IDAC Investigation Into EdTech Apps Finds Mixed Cybersecurity Practices
September 09, 2020
Everyday more educational apps are being downloaded to provide students additional help with subjects. While these apps are great resources, a study from the International Digital Accountability Council (IDAC) released on September 1 looked into the data privacy protections in 496 edtech apps from 22 countries. While the study did not find any intentional misconduct, the authors did find security risks that require attention.
“As parents, teachers, and schools scramble to prepare for teaching and learning this fall, it is important to take a close look at the privacy and security features of edtech apps that are likely to see much greater use,” said IDAC President Quentin Palfrey, in a statement.
The goal of the study was to identify apps that could be used by a wide range of teachers and parents to promote remote learning, rather than edtech apps used strictly by the school district. Language learning, study help, book or library readers, learning games, virtual classroom, and team communication apps were used in the investigation by IDAC. The majority of the apps are being developed in the United States. Manual testing for ed tech apps was done on 78 Android or iOS apps on July 15. Meanwhile, automated testing was done on 421 Android apps.
IDAC Identifies Five Areas In Which EdTech Apps Could Improve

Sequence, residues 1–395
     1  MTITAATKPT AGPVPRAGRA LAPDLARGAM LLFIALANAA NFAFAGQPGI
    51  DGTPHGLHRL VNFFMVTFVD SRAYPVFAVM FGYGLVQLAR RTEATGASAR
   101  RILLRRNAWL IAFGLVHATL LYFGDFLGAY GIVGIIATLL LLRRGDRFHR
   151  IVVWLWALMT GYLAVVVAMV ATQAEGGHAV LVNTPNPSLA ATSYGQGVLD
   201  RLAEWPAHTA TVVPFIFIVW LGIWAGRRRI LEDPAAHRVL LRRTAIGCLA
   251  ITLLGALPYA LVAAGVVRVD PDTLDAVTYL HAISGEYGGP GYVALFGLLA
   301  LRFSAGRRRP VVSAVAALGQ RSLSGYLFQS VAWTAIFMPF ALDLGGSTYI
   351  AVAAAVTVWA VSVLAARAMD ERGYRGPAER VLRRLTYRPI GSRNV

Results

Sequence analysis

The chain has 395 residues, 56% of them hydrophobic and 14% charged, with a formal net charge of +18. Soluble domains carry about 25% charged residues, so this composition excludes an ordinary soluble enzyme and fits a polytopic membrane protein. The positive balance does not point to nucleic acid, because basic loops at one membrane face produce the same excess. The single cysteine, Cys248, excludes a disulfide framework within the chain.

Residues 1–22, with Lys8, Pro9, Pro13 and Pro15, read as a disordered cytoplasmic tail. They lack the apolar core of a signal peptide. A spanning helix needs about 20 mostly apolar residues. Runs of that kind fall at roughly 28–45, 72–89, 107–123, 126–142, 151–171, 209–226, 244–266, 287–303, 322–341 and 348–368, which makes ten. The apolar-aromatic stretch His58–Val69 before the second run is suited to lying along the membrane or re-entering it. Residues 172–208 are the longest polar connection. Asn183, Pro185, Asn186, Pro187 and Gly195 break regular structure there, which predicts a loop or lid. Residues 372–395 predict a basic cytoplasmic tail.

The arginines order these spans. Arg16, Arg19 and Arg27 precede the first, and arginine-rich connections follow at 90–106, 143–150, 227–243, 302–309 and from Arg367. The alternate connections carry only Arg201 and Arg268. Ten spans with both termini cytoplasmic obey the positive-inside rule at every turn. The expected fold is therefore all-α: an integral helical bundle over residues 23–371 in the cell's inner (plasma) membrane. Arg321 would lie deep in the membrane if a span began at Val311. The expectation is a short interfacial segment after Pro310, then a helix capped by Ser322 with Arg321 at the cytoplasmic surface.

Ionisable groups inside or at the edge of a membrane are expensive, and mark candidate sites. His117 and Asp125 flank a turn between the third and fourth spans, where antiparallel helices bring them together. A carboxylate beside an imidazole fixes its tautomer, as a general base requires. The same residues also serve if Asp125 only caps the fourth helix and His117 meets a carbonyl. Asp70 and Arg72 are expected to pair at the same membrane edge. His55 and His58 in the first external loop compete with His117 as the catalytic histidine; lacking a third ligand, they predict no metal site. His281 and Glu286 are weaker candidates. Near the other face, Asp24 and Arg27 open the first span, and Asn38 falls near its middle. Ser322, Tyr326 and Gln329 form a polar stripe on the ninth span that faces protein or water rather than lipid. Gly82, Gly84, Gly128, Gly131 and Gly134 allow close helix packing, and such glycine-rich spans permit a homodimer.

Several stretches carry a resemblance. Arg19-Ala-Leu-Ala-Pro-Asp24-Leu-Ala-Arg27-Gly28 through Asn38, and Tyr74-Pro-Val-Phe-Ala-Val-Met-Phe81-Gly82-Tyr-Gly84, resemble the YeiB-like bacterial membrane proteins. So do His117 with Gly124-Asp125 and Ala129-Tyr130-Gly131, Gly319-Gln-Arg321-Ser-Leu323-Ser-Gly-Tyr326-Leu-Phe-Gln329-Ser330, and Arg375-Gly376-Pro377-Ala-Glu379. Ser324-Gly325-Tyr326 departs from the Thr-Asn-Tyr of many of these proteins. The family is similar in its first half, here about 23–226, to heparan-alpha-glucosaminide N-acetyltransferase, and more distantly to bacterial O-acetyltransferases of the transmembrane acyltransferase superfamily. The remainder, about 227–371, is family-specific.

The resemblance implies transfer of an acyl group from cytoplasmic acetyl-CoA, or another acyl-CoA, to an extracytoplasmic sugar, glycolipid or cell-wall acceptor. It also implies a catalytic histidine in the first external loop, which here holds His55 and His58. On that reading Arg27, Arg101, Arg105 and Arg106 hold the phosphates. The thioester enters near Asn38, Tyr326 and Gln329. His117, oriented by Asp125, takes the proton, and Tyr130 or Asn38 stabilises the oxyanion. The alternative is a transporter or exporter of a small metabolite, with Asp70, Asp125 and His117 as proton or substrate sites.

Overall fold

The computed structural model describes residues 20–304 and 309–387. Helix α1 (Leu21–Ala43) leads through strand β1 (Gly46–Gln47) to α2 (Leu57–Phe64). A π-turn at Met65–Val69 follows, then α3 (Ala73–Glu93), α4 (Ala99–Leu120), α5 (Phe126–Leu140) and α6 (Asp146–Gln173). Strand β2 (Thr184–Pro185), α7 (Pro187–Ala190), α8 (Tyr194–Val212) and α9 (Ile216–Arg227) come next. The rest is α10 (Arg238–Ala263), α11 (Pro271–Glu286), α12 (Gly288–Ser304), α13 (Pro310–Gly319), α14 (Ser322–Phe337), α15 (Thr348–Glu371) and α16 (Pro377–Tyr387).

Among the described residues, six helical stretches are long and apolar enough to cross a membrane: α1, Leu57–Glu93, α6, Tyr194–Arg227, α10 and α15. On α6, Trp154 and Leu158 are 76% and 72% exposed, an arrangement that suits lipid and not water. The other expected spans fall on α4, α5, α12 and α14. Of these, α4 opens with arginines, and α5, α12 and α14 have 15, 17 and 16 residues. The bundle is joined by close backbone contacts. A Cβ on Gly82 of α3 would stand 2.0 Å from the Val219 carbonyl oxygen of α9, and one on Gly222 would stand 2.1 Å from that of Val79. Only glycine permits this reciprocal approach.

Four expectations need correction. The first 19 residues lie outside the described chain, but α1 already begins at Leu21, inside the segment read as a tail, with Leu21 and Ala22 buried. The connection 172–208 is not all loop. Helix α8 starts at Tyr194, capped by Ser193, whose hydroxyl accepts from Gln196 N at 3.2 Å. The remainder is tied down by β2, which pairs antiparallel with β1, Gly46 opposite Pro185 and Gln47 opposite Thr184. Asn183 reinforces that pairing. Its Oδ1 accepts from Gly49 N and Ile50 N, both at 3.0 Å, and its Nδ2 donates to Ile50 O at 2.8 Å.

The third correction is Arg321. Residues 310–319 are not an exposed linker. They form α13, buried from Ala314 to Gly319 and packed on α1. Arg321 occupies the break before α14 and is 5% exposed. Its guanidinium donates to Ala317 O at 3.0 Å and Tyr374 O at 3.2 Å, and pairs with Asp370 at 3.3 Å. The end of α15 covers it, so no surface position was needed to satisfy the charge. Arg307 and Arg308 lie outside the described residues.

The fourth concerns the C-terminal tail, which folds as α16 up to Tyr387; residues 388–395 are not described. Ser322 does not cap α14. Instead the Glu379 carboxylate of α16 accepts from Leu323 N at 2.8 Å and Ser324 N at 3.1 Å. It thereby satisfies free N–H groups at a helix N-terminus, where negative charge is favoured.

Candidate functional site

The study showed five areas where improvement was needed in the ed tech apps. The first area is the collection of location sharing and persistent identifiers. A persistent identifier is connected to the hardware in a way that it cannot be reset, making it easier for third parties to access information. In the case of a persistent identifier, digital items that can be accessed over the internet. The only way for users to avoid this tracking is to get a new device.
Second, IDAC identified issues where personal data was being exposed, allowing personal data of the student’s, such as name and email, to be shown. Having personal identifying information, also known as PII, exposed allows attackers to easily gain access to valuable and private information, especially those of young students. 13 edtech apps that IDAC investigated were found to have exposed Android advertising ID (AAID).
Next, IDAC authors found significant examples of third party communications. Personal information, device information, contextual information, and app information were all given to third parties. 79 of 123 ed tech apps were shown to be sharing information with third parties in the manual testing.
Location Sharing, Personal Information, Third Party Communication, and More Are Common with these Apps
The fourth was ID bridging. “ID bridging occurs when the Android ID is sent simultaneously with the Android Advertising ID (AAID),” according to the study. This was used to track and develop specific advertisements to students using those ed tech apps.
The final issue found by the IDAC was privacy issues being created by software development kits (SDK). Third party SDKs are sections of code that developers can embed in ed tech apps to perform a specific task. “Mobile analytics and advertising SDKs pose particular risks in ed tech apps – especially apps that have younger users – because of their monetization capabilities,” the authors write.
To correct these issues in the edtech apps and to be more reliable and trustworthy for parents and teachers, IDAC has recommended steps that developers take to ensure ed tech apps are safe for students.
IDAC recommends that developers should refrain from location and data sharing unless necessary, be more transparent in their privacy policies, use best practices to check that no PII was being released to third parties, ensure safeguards and privacy controls are in place, determine if the identifier is the most appropriate one and share is necessary, and carefully review third party SDKs.
Featured Image: Ramil Al-Zayat, Unsplash.